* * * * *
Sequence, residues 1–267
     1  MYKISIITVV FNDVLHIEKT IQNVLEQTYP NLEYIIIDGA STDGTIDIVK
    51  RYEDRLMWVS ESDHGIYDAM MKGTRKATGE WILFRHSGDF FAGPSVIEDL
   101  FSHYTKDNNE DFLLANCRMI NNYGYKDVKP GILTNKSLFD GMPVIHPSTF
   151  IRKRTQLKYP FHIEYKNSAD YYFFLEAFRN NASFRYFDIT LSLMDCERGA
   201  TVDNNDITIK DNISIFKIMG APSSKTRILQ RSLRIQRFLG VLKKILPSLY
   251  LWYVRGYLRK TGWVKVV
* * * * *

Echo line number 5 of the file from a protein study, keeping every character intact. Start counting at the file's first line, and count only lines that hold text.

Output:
   151  IRKRTQLKYP FHIEYKNSAD YYFFLEAFRN NASFRYFDIT LSLMDCERGA